BAGHDAD, Iraq—Pfc. Caleb A. Lufkin landed on the helipad at about 12:30 p.m., screaming at the sky as a small all-terrain vehicle carried him past the palm trees and concrete bunkers to the emergency room. Doctors inside cut off his blood-covered boots and prepared to sedate him and insert a breathing tube, and he pleaded with them to keep him alive.
"Don't let me die," he said.
Lufkin was bleeding from multiple blast injuries and compound fractures, so the medical team at the 10th Combat Support Hospital gave him red blood cells to replace his lost blood and plasma to help him clot. But they quickly concluded that he was on a perilous course toward a massive transfusion and that his odds of survival were decreasing with each minute that he continued to bleed.
At 12:41, without waiting to see if surgery or more transfusions would be enough to stop the bleeding, they ordered a 7.2 milligram dose of Recombinant Activated Factor VII.
When Lufkin arrived at the Army's combat hospital in Baghdad on May 4, he was the first of three American soldiers brought in over a 24-hour period, each with injuries severe enough to require blood transfusions and emergency surgery. Like more than 1,000 of the war's seriously wounded troops, each was treated with Factor VII, a powerful and largely untested blood-coagulating drug that the Army considers a wonder of modern trauma care, but which researchers have linked to deadly blood clots that lodge in the heart, lungs and brain.
All three soldiers left Baghdad alive, their doctors anticipating full recovery. One experienced no problems and later said he was grateful for whatever steps were taken to save his life. But two later suffered unexplained blood clots and died from subsequent complications. IraqIraq[From Page 1A]
Some doctors worry that the Army, in its effort to push the limits of modern trauma medicine, is going too far with its enthusiasm for Factor VII, that giving it to the war's casualties could be doing more harm than good. But the physicians in Baghdad say that a war is no time to be cautious and that they'll consider any new advancement or technique that might save lives.
"All we can do is give these guys the best chance we can, with the best equipment and training we have," said Lt. Col. Bob Mazur, who served as the chief emergency room doctor in Baghdad that day. "This is war, and bad stuff happens."
Private Lufkin's injuries
Lufkin, 24, was wounded just before noon on a busy street in downtown Baghdad. He had joined the Army a year earlier after trying odd jobs that all seemed to be dead ends. He hoped that military service on his resume would help him land a job as a professional firefighter, but mostly he just wanted his life to go somewhere.
He still lived in his hometown of Knoxville, Ill., in the flatlands near the Iowa line, and he had a reputation for always smiling, even at odd times. In his yearbook from basic training he's the only soldier without a frozen scowl. He loved his friends and fishing and playing the banjo, his relatives say. And he hated Iraq.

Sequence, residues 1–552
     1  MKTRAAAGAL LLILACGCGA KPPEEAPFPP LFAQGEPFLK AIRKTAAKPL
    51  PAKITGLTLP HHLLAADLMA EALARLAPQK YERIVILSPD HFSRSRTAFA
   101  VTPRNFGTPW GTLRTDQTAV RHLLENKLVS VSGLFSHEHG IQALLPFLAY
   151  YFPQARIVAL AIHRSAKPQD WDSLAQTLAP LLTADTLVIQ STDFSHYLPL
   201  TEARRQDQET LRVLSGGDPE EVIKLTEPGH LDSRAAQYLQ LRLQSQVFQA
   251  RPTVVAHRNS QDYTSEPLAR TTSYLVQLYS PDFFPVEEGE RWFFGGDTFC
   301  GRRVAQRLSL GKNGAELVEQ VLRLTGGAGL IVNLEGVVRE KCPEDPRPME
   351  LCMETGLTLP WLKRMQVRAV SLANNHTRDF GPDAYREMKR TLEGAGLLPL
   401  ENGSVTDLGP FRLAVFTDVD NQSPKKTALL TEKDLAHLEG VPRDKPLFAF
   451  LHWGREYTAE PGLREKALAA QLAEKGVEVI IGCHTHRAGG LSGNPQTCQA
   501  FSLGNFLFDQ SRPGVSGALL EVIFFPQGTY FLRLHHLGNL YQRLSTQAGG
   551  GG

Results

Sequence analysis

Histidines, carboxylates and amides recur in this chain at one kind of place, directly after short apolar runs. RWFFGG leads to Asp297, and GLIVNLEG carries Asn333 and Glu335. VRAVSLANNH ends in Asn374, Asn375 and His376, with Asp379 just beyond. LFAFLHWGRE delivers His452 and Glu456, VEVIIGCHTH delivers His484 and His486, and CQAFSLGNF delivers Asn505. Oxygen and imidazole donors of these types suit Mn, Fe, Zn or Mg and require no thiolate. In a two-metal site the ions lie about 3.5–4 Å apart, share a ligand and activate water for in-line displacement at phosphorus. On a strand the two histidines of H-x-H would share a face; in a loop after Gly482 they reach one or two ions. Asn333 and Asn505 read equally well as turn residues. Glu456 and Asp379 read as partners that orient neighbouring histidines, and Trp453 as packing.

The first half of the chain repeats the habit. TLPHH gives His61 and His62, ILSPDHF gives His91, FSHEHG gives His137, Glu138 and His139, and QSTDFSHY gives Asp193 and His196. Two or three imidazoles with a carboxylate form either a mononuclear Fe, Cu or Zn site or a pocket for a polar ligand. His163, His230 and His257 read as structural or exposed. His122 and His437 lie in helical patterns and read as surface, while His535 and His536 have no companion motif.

"He believed in what he was doing, but he couldn't understand how some of the people in Iraq loved them and how some hated them," said Pat Houston, Lufkin's grandmother. "The hate bothered him a lot."
Lufkin's unit, the 5th Engineer Battalion out of Fort Leonard Wood, Mo., had one of the most dangerous jobs of the war: driving around Baghdad at 5 mph in search of roadside bombs. But he told his mother not to worry, that the oversized armored truck he rode in - a fortified mine-clearing vehicle called an RG-31 - could withstand anything, particularly an improvised explosive device.
"He said, `Mom, I'm telling you, these things are built to survive the blast,'" said Lufkin's mother, Marcy Gorsline. "He'd been hit by IEDs I don't know how many times before and said it'd always just blow out a tire."
The one that hit him May 4 wasn't a typical IED, but a military-style bomb designed to pierce armor and inflict maximum damage.
The blast injured one soldier only slightly, but killed two others and left Lufkin bleeding so badly that he was certain to die without prompt medical care. With the vehicle still burning, Lufkin's platoon leader dragged him out through the gunner's hatch, medics quickly placed tourniquets on his arms and legs, and a helicopter lifted him out minutes later.
The Army's hospital in Baghdad is inside a former Baath Party medical center, down the street from the main palace in a section of the city that American officials call the International Zone but which nearly everyone else calls the Green Zone. Many of the signs are still in Arabic, but otherwise it looks much like any small hospital in the United States, right down to the harsh lights and the green tile.
Factor VII arrived there in early 2004 after Army officials got a look at results from a clinical trial suggesting that it was safe. But as military doctors have embraced the drug, which is approved by the U.S. Food and Drug Administration only for certain patients with hemophilia, doubts about its use for trauma patients have grown. The FDA warned in December of risks to non-hemophiliacs, citing reports of deadly blood clots in patients who got it. Many civilian trauma centers use it only as a last resort.